Are you a master or a disaster in relationships?

Are you a master or a disaster in relationships?

Every organisation is looking for the holy grail of performance enhancement, that one thing that, if it were changed even slightly, would push the productivity of a company way beyond the current level.  Over the years there have been many solutions offered to the performance conundrum, from process improvement and process re-engineering to rightsizing and quality initiatives. All of which have had varying levels of success.

One area that is perhaps overlooked when organisations undertake productivity and process improvement programs, is the behaviours of their employees. Often the only time behaviour becomes a focus in an organisation is when there is a problem employee that must be dealt with.  Staff’s behaviour can make or break any business initiative.  Essentially success is firstly about building successful relationships with staff, customers, suppliers and in fact, with everybody around us.

The respect we treat people with, is crucial.

Lessons learnt from marriages – masters and disasters

Social scientists of the Gottmann Institute studied marriages over four decades by observing them in action. When the researchers analysed the data they have gathered, they saw clear differences between the masters and disasters.

Masters felt calm and were able connect with each other, which translated into warm and affectionate behaviour, even when they disagreed.  Masters had created a climate of trust and openness that made both parties emotionally comfortable and thus able to share thoughts, ideas and feelings.

“There’s a habit of mind that the masters have,” Gottman explained in an interview, “which is this: they are scanning social environment for things they can appreciate and say thank you for. They are building a culture of respect and appreciation very purposefully. Disasters are scanning the social environment for people’s mistakes.” Disasters criticise people and don’t often validate others as humans – often due to their own low self-esteem and sense of inferiority.

Science says lasting relationships come down to 2 basic traits

Social Scientists says meaningful relationships embrace kindness and generosity.

Kindness glue people together – even strangers in the same democracy!  Kindness (along with emotional stability) is the most important predictor of satisfaction and stability in relationships.  Kindness makes people feel cared for, understood and validated.  If we validate people, they almost always respond positively.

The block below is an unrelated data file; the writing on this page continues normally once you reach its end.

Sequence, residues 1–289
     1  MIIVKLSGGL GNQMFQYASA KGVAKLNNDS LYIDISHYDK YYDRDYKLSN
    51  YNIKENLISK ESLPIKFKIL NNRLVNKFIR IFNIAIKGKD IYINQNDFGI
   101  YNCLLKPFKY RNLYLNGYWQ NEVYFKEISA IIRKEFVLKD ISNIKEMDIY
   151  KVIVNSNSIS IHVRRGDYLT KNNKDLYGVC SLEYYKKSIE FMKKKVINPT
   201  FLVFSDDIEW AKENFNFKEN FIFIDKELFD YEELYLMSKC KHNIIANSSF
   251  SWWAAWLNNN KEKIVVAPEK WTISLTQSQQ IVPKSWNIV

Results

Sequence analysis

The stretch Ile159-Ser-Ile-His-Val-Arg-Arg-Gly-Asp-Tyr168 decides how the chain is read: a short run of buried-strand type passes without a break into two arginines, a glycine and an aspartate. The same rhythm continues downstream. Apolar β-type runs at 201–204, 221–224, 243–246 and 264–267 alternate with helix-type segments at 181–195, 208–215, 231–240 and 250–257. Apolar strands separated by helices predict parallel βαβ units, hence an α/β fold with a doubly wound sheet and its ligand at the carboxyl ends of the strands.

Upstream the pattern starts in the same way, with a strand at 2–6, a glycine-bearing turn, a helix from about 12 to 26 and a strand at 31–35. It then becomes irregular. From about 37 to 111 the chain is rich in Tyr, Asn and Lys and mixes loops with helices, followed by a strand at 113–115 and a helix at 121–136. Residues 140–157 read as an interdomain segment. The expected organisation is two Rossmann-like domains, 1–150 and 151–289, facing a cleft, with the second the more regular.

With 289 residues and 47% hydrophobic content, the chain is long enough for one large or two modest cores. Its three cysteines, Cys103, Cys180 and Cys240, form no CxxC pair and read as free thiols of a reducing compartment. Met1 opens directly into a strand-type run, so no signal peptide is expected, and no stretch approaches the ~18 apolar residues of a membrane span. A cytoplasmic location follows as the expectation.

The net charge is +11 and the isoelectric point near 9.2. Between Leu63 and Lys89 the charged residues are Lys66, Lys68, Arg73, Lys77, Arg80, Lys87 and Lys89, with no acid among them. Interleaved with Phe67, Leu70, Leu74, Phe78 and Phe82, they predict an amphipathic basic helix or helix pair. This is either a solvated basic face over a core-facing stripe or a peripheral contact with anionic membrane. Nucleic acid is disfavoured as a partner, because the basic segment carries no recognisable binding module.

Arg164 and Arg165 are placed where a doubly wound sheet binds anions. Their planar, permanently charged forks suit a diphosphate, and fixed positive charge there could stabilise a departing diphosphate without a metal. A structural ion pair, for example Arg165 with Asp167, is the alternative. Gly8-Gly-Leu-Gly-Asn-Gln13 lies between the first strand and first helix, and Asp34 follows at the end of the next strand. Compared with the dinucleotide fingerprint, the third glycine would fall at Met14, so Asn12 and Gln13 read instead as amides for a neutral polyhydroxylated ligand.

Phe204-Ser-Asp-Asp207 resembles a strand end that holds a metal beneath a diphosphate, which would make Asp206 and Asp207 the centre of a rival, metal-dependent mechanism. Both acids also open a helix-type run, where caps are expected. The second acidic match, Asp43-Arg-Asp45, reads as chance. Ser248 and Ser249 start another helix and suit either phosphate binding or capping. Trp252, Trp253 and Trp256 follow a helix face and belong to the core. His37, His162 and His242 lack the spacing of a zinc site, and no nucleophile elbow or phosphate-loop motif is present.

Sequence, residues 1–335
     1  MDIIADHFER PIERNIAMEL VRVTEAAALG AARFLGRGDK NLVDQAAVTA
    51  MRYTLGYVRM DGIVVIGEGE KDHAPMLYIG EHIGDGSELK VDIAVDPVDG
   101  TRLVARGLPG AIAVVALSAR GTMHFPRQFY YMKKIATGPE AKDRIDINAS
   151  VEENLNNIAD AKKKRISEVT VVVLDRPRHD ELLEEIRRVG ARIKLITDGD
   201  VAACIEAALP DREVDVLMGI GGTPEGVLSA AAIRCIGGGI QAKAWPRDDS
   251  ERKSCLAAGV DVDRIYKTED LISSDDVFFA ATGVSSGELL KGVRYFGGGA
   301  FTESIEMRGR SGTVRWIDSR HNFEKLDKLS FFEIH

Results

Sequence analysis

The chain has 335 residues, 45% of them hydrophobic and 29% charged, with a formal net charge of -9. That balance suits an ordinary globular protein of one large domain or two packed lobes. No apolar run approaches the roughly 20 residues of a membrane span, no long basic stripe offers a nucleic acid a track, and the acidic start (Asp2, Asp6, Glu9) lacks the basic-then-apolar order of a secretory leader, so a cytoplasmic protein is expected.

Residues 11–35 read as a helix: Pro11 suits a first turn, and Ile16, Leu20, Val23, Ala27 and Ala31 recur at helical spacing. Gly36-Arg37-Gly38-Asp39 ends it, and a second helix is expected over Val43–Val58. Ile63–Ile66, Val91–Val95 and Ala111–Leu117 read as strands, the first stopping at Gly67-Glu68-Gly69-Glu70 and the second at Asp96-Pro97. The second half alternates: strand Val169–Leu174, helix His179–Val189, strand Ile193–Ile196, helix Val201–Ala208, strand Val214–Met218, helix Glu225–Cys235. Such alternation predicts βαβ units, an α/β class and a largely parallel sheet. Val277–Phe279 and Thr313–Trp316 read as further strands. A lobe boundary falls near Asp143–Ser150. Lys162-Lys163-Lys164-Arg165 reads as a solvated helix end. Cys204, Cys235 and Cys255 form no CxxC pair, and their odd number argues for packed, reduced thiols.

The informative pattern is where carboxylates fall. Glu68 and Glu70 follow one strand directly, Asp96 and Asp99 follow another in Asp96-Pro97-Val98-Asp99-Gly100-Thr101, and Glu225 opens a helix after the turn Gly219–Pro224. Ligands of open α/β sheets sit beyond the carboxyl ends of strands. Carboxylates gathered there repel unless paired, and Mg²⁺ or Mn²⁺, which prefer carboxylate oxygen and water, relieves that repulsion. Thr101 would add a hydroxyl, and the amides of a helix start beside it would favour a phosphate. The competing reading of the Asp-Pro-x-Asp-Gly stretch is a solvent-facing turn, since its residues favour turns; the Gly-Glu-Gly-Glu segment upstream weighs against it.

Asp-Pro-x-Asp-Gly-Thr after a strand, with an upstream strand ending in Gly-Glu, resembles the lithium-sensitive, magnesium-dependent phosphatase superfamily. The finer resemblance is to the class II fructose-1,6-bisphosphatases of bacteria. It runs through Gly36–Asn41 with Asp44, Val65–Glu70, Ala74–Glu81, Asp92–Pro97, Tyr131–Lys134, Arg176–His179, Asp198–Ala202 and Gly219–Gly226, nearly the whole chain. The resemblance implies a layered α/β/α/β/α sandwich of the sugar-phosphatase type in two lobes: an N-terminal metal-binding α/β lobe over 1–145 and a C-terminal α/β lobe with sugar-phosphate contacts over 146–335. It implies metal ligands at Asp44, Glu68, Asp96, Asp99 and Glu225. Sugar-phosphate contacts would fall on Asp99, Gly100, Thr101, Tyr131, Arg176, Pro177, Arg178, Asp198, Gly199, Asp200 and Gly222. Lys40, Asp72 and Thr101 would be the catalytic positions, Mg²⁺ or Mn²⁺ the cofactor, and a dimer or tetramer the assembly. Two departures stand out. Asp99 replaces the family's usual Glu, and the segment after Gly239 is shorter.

The more we receive or witness kindness, the more we will be kind ourselves, which leads to upward spirals of understanding and generosity in a relationship.  This is true even in hard-core business relationships.

“Even in relationships where people are frustrated, it’s almost always the case that there are positive things going on and people trying to do the right thing,” psychologist Tashiro says. “A lot of times, a person is trying to do the right thing even if it’s executed poorly. So let’s appreciate the intent.”

You can read more about this research at https://www.gottman.com/blog/

Complaints vs criticism

While no one is without their faults, criticism is toxic in all relationships as people build up walls to protect themselves.  Even if you believe that you’re offering “truth” or that you’re trying to correct a behaviour or attitude, it is usually perceived as an attack and results in defensive strategies. Criticism means using disastrous red language.  When criticism is used as a channel to express contempt or disdain for someone else, it can make the other person feel devalued and worthless. It’s hard for any relationship to come back from that.

But this does not mean that you shouldn’t address issues in the relationship that bother you. Far from it! Instead, it just means that you need to do it in a way that can be heard—which will facilitate actual action and change. Be masterful and kind when speaking to a person about a behavioural problem and use friendly, green language.

Criticism is often expressed in a way that suggests a character flaw. It focuses on who a person is rather than what a person has done. A complaint, however, is different. It focuses on the action—and when it comes to relationships—a carefully worded complaint is okay, and sometimes very necessary in a relationship.

Making kindness and generosity part of everyday interactions

Let’s never forget the power we have to influence people and situations we encounter on a daily basis. True democracy is the people practising it on the ground, at work, in shopping malls, on social media, at public places and gatherings, at the braai at your home and on our roads. Are you kind and generous?

There are many reasons why relationships fail, but if you look at what drives the deterioration of many relationships, it’s often a breakdown of kindness. As the normal stressors of a life together pile up – people may put less effort into most relationships and let the petty grievances they hold against one another tear them apart.  Let us use the Ubuntu spirit of kindness and generosity South Africans are so well-known for, to move us, especially in the weeks ahead, to be masters of relationships.

Things masters do:

  • They listen more than they speak
  • They acknowledge what is said – silence is not golden!
  • They turn towards a person and lean into the conversation
  • They don’t let technology interfere in a conversation
  • They ask questions about the other party’s story
  • They understand how empathy works
  • They don’t criticise nor judge
  • Their own story takes the backseat
  • They make people feel comfortable when they are with them.

You choose – are you a master or a disaster in relationships?

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